Lập Trình Linux

Linux grep – A quick tutorial showing how to use grep to count strings in a text file

In today’s screen cast, I am going to show you how to use the Linux grep command, to quickly count the number of instances of a text string, found within a given file.

The example will demonstrate how to quickly process a web servers access log file, for certain activity. Last month I released the TIFF splitter utility, which is a free piece of software to split multi page TIFF files into their individual
pages. It’s worth pointing out that this software will run on Linux when used in conjunction with Wine. Anyway, I wanted a quick and easy way to check how many downloads of the software ZIP file there have been.

Here I have a copy of the access log file, for the last weeks activity, and if I use the CAT command, to output the contents of the file to screen, you can see it contains a lot of information. So we need to use the grep command to
filter out the lines we are interested in. In my case, I want to find all the lines which have a dot zip reference in them, as this will give me the actual requests for the software download.

The command we need to type is grep, space, followed by the criteria your searching for, in this case dot zip. We then need to pipe in the file name we are going to process, for example access dot log. The grep output is now restricted, showing just the lines within the log file which have the dot zip reference, highlighting your search term for convenience.

To get the actual count, we just need to add the dash c switch to the grep command, which gives us a count of seventy two. So I now know my software has been downloaded seventy two times in the last week. To make life even easier, I have assigned this command sequence to an alias using the letter k. Now, all I need to type is k and hit return, to get the current download count. I think you’ll agree that’s pretty convenient for a web master who wants to quickly check certain activity on their web site.

Likewise, if you wanted to know how many times Google Bot has visited your web site, then just enter the term Google Bot as the search criteria, in my case, you can see it has visited just over a hundred times.

If you would like more information on the grep command, then I would recommend the grep pocket reference book, published by O’Reilly.

Thank you for watching the video, if you have found it useful then please leave a comment, and don’t forget to subscribe to the Linux by Example channel.

Nguồn: https://ftlinuxcourse.com

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  • likeeee

  • Thanks a lot !
    I'm looking forword also to see the video about the usage of "awk" . I know it's very powful to deal with the text.
    Thanks again for your video and detailed description which really needs a lot of work.

  • I'll do a short video showing you how to do this

  • Good video.
    In your example you used : grep *.zip < acess.log , but I usually use it without <
    which is : grep *.zip access.log

    I want to know how to display duplicate lines based on column 2 in a file


    expected output is :

  • RocoRoco

    Author Reply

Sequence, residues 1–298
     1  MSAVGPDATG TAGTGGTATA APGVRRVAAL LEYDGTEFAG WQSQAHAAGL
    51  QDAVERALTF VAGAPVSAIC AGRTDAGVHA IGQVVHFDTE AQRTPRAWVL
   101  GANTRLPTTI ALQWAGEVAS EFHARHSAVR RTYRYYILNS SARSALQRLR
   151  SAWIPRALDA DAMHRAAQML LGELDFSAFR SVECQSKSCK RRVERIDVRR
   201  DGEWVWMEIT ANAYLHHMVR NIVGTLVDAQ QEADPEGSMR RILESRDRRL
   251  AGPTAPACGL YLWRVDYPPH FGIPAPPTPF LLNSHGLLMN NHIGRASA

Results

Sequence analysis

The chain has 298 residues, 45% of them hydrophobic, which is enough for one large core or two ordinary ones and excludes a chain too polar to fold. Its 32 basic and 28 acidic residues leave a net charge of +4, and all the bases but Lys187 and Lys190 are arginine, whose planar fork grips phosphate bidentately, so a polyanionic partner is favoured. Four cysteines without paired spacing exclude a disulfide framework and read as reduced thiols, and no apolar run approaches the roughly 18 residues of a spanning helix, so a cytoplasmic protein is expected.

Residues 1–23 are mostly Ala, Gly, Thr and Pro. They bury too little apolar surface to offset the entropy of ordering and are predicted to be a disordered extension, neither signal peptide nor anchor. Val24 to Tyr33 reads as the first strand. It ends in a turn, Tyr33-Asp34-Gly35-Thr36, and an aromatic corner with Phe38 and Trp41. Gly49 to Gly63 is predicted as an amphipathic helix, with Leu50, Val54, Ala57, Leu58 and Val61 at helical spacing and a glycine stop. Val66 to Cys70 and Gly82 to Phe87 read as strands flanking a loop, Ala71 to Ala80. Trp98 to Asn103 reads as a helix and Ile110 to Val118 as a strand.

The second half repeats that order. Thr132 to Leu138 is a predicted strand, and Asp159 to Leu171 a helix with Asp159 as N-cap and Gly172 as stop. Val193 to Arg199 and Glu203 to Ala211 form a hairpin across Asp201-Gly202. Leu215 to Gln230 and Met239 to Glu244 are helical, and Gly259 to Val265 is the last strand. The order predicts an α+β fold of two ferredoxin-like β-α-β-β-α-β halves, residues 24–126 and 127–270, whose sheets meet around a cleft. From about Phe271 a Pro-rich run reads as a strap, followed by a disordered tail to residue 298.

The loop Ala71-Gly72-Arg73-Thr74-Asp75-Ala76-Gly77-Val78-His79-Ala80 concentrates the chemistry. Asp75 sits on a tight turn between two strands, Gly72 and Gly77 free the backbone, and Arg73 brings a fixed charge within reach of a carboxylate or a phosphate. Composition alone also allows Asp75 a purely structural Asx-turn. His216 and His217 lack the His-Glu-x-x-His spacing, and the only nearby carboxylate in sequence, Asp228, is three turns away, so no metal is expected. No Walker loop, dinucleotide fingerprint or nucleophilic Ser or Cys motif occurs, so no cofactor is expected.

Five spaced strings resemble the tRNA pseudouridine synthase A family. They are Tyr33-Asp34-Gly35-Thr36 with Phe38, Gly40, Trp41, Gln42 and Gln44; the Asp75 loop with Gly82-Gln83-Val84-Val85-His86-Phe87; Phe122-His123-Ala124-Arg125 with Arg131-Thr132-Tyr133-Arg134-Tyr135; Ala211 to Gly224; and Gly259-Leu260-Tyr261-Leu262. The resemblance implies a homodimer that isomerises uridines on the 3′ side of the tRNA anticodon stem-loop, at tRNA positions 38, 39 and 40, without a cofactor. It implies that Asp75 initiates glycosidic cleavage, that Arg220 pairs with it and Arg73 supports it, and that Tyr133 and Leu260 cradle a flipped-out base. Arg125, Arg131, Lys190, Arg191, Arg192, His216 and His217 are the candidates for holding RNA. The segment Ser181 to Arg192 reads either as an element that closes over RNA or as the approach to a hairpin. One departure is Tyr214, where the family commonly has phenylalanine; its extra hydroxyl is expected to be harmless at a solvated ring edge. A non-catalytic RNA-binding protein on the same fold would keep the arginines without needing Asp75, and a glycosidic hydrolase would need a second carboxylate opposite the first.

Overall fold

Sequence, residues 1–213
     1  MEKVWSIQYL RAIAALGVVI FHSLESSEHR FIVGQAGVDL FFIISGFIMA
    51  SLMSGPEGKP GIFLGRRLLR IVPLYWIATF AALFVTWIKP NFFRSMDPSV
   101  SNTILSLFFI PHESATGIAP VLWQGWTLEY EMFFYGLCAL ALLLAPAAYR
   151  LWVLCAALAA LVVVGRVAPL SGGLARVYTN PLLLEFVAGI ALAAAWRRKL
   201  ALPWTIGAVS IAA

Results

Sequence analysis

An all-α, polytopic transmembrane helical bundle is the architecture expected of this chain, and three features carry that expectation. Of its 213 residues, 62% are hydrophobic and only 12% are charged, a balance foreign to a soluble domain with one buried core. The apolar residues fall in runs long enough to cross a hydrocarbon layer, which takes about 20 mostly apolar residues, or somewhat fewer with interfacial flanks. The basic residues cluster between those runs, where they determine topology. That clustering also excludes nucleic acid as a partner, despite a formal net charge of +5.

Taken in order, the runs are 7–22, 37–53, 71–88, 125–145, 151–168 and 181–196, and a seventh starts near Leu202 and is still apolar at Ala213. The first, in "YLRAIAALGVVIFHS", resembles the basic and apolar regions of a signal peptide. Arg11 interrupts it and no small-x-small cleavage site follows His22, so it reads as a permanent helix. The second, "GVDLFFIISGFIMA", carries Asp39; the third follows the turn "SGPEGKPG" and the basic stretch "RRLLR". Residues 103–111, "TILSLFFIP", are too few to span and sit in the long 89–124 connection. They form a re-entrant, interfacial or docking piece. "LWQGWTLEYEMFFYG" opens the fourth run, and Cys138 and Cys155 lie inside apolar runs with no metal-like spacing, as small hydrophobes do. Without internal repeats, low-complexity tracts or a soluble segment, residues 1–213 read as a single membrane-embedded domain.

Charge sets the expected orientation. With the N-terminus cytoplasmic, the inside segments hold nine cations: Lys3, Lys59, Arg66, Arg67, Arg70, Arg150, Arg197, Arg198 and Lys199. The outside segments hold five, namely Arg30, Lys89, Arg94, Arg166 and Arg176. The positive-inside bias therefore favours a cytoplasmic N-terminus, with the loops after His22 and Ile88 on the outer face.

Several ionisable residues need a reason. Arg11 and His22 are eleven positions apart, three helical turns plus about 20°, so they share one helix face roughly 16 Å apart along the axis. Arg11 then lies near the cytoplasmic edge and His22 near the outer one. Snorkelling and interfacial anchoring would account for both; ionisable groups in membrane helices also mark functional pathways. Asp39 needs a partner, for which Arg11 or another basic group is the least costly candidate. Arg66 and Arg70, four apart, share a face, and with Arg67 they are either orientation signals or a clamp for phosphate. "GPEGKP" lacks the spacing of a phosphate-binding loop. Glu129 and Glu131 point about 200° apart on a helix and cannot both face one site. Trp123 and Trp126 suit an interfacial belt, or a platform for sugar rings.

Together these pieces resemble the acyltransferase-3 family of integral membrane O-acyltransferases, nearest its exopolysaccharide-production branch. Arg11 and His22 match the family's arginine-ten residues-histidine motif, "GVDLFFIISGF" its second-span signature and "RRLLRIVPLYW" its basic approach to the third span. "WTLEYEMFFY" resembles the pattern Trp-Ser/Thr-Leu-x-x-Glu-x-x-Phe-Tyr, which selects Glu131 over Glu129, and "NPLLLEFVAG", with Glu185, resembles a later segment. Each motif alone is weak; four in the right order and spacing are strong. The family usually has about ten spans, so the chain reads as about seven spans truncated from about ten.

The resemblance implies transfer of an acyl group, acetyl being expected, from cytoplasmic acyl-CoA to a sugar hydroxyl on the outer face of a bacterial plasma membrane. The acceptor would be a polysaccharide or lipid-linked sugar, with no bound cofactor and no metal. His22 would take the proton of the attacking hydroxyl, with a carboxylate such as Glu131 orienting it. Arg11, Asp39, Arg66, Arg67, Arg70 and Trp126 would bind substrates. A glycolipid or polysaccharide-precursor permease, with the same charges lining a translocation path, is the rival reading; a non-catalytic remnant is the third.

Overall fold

sgrep shirt

  • Della Phillips is easy on the ears…and it is written so even I can understand…LIKE!!!!

  • i like

  • good .. please upload more videos like this.. thanks..

  • The speech isn't done via any software, I wish voice text to voice software was that good. The voice over was done by a professional voice artist @DellaPhillips on Twitter

  • Good video 🙂
    What kind of application are you using for the text voice changer/speech? Thank you 🙂

  • I seam to remember that MS word files are a proprietary binary format, so grep won't be able to search for the plain text within them.

    If you have the AbiWord word processor installed on your machine (or install it via your package manager) then you can use the following command line to convert the contents of the MS Word files to text files.

    find *.doc exec abiword –to=txt -o {}.txt {} ;

    Then you can use grep on the resulting .txt files to find the matches your looking for.

  • grep searches and locates .txt files. Does grep work with MS Word, i.e. .doc files?

  • i liked the british female voice, it was refreshing to hear clear speech with prodessional sound quality–good mixing!!! usually the sound recording is amateur at best, i prefer this over a cheap mic with un-processed sound.

    Paul don't change a thing, you're presentation is very good the way it is…please keep it up and please make more…!

  • If you've watched any of the other tutorials on this topic on the YousTubes, you might understand why I completely appreciate hearing a serious, clear and professional tone of voice for once…this was kind of refreshing to me

  • grep is great

  • I found it not useful, but very useful, thank you very much

  • @daeheadshot

    Helge sorry you found the voice annoying, I certainly wasn't try to annoy anyone — I was trying to make the video "work safe" and sound professional, but I'll take your comments on board, and try to make future videos less serious


  • Hi, thanks ..this is quite a useful lesson. also could you please tell me how to add alias as yo have mentioned in the lesson.

  • @ritika8sharma2

    Thanks, glad you liked the video.

    You can search all files and sub-folders by doing :-
    grep -rl "stringtofind" .

    Which will list the file names the string to find is found in,
    the dot at the end tells grep to use the current folder as the
    starting point.

    To search for multiple strings use the following format :-

    grep -rl 'string1|string2|string3' .


  • Hi,
    It's a very interesting upload.
    Could you pls. tell me how to search multiple strings in multiple files in a folder and subfolders?